B.Function report, dated 06/04-2007

In a function report completed on April 3, 2007, Plaintiff complained that he was no longer capable of concentrating, motivating himself or remembering things. (A.R.at 90.) He needed reminders from his mother to take his medication and, although Plaintiff went grocery shopping once or twice a month, his mother and sisters prepared his food. (Id. at 29-30, 90-91, 93.) Plaintiff reported that he wanted to be left alone and did not do much at all. (Id. at 94.)

II.Psychiatric/Medical Evidence

Plaintiff sought various psychiatric and medical treatments from 2003 to 2009. At the Jewish Board of Children and Family Services ("JBFCS"), Plaintiff was evaluated by several psychiatrists, including Dr. Michael Merkin, Dr. Zinaida Luft, Dr. Jesse M. Hilsen, Dr. Richard Arking and Dr. Sander Koyfman. Plaintiff also received medical treatment from his primary care physician, Dr. Sultan Khan.

A.Evidence Prior to Plaintiff's Alleged Onset Date of May 25, 2005

On October 16, 2003, Plaintiff sought psychiatric treatment at JBFCS, where he was evaluated by Dr. Merkin. (A.R. at 141-64.) Plaintiff reported that, since September 11, 2001, everyday life had become a real struggle for him. (Id. at 141.) Dr. Merkin found that Plaintiff had a life-long history of depression, which was untreated except for a brief trial of Zoloft four years prior, with minimal effects. (Id. at 163.) Dr. Merkin noted that by witnessing the Twin Towers coming down on September 11, 2001 and subsequently losing his business, Plaintiff's depression had "deepened." (Id.) Plaintiff also had a history of abuse as a child. (Id.)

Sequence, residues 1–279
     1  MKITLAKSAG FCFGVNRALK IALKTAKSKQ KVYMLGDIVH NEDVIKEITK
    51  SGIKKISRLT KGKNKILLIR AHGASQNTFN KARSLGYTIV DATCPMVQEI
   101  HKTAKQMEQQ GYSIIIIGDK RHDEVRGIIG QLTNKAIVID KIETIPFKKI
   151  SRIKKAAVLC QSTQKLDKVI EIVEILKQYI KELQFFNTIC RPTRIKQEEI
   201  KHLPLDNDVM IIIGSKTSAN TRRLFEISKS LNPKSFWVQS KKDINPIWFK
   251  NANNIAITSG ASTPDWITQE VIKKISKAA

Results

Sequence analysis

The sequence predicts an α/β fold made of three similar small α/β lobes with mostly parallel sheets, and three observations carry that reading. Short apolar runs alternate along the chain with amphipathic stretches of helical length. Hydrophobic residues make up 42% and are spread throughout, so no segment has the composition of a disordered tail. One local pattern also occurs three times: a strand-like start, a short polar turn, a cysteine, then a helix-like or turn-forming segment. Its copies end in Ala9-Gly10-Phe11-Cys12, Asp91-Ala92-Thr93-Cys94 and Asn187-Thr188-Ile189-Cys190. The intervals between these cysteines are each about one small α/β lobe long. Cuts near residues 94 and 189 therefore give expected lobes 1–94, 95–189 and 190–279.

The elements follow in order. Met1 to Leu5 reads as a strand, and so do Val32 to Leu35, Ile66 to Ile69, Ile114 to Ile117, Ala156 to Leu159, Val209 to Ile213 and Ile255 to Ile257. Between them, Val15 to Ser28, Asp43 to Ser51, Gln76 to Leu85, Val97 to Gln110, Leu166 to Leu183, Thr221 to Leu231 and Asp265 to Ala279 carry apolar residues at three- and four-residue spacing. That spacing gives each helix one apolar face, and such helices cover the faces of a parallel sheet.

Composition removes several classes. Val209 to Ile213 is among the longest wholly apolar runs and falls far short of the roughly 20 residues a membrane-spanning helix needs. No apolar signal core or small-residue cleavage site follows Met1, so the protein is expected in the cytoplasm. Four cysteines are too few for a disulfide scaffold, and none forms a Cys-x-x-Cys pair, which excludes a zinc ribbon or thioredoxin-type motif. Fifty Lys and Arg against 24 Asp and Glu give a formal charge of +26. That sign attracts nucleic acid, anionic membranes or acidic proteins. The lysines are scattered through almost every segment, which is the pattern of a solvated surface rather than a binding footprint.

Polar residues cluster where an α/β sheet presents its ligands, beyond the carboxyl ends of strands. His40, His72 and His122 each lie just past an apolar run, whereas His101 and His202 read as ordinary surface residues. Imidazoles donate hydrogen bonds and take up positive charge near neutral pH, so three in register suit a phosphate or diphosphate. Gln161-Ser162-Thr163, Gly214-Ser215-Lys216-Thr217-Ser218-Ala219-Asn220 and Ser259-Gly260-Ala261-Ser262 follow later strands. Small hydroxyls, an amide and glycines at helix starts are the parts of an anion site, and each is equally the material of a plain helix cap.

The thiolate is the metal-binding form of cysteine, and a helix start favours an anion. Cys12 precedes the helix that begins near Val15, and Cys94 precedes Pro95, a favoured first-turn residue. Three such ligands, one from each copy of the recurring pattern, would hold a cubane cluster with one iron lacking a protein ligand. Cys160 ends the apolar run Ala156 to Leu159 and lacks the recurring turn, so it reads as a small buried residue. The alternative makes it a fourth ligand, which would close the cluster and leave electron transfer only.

B.Evidence Between May 25, 2005, Plaintiff's Alleged Onset Date, and December 31, 2005, Plaintiff's Last Insured Date

A discharge summary by Dr. Merkin from JBFCS dated July 18, 2005, indicates that Plaintiff had regularly attended therapy sessions and medical visits. (A.R. at 136.) Plaintiff's treatment focused on depressive symptoms and anxiety caused by the failure of his business, his experiences related to September 11, 2001 and his plans to end his business. (Id.) Upon admission to treatment at JBFCS on October 16, 2003, Dr. Merkin diagnosed Plaintiff with major depressive disorder, recurrent. (Id. at 139.) A diagnosis of personality disorder was also made in October 2004. (Id.) Plaintiff reported that his anxiety had been significantly reduced early on by his medication regimen. (Id. at 136.) Dr. Merkin noted that Plaintiff had demonstrated some improvements over the course of his treatment; however, the recent loss of Plaintiff's apartment and store, coupled with his move back to his mother's house, precipitated an increase in Plaintiff's depressive symptoms. (Id.) Plaintiff's attendance at JBFCS also decreased after his move. (Id.)